Scott Pianowski doesn’t want you to mess around with Ingram anywhere near his ADP (RB24), which is perfectly reasonable. But I’ve been willing to buy when he drops outside the top-60 picks. My feeling is that it’s never easier to manage around a suspension or injury than in September, before the byes. Ingram averaged 18 touches per game in a dynamic offense last season, scoring 12 touchdowns and gaining 1540 scrimmage yards. No one on the current roster (aside from Kamara) is a serious threat to steal a significant percentage of his workload. I don’t expect him to get Snead’d, post-suspension. He remains on the fantasy radar; every player has an appropriate draft price. Ingram shouldn’t need to be eased back into the mix when he’s available. He’s a potential difference-maker in December.
Saints D opens with a friendly schedule
The Superdome has been a defense-optional zone at times, but not last season. New Orleans ranked tenth in the league in scoring defense (20.4), tied for seventh in sacks (42) and tied for ninth in turnovers (25). This is a fantasy-relevant group. Cameron Jordan is a wrecker of game-plans and Marshon Lattimore was a terrific as a rookie. This team faces the Bucs (with Fitz), Browns and Giants in three of the first four weeks, so takeaways should be plentiful.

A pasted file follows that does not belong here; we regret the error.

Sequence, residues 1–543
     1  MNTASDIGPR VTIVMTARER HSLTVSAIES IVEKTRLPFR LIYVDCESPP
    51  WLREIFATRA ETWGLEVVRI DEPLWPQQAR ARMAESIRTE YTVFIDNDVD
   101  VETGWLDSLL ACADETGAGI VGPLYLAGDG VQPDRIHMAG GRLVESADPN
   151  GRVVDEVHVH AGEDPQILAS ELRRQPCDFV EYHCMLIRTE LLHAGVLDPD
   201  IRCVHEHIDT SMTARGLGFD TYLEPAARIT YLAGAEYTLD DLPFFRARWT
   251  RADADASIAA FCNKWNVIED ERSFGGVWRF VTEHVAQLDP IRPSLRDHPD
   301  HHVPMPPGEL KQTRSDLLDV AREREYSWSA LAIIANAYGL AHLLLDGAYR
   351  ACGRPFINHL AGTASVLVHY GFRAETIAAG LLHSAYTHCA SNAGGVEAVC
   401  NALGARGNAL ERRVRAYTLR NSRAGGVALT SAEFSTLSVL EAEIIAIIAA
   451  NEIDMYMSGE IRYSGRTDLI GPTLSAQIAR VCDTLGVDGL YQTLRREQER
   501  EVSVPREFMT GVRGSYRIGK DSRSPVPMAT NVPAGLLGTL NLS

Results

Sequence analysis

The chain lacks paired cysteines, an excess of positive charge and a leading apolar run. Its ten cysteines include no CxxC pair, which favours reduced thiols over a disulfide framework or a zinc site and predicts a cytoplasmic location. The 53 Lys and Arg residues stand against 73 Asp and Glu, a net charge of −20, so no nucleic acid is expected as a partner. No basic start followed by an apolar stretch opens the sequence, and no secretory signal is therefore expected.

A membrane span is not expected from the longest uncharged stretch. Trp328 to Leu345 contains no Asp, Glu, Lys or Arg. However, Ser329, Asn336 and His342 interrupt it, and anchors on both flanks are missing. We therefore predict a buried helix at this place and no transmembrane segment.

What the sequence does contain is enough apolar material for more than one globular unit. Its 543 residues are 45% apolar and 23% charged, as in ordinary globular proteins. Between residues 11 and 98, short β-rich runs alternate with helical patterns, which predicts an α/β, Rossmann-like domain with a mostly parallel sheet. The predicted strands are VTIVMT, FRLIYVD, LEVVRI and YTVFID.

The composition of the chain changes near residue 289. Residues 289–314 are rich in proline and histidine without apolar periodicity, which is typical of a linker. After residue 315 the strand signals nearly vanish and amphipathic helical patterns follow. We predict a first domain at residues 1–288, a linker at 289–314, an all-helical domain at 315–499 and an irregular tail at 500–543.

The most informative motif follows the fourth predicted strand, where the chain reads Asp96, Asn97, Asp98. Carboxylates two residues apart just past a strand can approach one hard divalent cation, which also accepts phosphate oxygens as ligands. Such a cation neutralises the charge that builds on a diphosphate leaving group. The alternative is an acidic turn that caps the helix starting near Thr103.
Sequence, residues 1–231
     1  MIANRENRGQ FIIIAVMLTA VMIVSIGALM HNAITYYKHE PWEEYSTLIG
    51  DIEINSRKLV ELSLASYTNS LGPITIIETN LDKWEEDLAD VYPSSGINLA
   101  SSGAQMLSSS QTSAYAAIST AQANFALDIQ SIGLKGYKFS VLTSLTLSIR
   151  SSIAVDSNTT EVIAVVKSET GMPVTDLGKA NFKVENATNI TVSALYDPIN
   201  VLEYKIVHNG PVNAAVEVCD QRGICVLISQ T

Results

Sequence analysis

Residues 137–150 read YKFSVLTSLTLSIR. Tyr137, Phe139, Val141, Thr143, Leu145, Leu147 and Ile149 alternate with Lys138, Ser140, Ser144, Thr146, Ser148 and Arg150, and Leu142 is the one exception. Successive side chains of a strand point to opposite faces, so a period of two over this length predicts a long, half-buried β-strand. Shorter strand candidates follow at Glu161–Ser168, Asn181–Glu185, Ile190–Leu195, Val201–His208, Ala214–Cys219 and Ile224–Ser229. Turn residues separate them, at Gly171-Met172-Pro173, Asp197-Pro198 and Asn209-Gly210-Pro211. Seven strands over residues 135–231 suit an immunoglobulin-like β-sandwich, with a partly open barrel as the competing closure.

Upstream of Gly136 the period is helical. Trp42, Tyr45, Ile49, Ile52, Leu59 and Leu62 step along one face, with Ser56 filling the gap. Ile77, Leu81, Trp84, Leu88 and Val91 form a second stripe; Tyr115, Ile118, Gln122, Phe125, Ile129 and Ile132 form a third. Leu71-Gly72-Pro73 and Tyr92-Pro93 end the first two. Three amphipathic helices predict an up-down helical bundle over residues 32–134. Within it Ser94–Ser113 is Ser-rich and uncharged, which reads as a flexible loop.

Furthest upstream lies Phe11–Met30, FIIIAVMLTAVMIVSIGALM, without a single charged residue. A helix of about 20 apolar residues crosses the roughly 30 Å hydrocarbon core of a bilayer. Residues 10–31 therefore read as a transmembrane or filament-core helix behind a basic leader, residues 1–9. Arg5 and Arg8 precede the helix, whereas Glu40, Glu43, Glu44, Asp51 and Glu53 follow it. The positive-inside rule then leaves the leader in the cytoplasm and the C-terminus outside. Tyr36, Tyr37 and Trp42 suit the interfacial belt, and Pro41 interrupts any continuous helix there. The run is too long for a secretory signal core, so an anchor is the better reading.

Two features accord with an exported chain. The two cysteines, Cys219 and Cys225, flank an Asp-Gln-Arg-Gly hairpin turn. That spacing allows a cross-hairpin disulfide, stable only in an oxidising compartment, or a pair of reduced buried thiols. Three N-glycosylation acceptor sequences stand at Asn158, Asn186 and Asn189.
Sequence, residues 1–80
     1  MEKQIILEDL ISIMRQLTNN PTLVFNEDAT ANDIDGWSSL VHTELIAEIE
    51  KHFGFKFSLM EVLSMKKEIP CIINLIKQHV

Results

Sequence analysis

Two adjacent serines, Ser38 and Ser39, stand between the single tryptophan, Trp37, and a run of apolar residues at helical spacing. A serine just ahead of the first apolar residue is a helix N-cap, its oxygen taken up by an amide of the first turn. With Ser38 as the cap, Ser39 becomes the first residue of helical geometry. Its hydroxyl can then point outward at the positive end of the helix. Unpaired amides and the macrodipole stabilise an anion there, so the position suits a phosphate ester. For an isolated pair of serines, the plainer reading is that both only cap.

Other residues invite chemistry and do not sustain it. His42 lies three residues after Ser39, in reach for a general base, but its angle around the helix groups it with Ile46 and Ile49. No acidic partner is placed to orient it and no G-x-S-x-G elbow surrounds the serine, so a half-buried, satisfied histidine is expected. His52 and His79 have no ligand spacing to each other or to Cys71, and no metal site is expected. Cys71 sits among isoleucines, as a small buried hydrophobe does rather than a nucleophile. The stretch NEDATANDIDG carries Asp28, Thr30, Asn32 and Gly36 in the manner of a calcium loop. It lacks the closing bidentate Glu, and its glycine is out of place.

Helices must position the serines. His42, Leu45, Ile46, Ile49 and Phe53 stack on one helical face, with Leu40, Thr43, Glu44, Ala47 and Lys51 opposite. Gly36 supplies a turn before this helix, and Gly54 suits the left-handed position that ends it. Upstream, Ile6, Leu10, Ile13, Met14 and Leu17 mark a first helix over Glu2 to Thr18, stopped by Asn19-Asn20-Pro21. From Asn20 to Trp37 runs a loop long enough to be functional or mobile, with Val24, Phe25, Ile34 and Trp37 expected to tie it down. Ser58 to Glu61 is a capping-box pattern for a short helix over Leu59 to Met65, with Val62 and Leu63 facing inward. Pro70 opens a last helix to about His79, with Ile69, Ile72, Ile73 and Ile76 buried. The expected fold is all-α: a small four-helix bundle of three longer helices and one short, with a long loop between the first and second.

2017 Offensive Stats & Ranks
Points per game – 28.0 (fourth in NFL)
Pass YPG – 261.8 (5)
Rush YPG – 129.4 (5)
Yards per play – 6.3 (1)
Plays per game – 62.4 (21)
Previous Juggernaut Index entries: 32) Buffalo, 31) Miami, 30) NY Jets, 29) Baltimore, 28) Oakland, 27) Cleveland, 26) Indianapolis, 25) Washington, 24) Chicago, 23) Tennessee, 22) Jacksonville, 21) Dallas, 20) Tampa Bay, 19) Cincinnati, 18) Denver, 17) San Francisco, 16) Arizona, 15) Seattle, 14) Detroit, 13) Carolina, 12) Houston, 11) Philadelphia, 10) Green Bay, 9) Atlanta, 8) Kansas City, 7) NY Giants, 6) LA Chargers, 5) New England, 4) Minnesota, 3) LA Rams, 2) New Orleans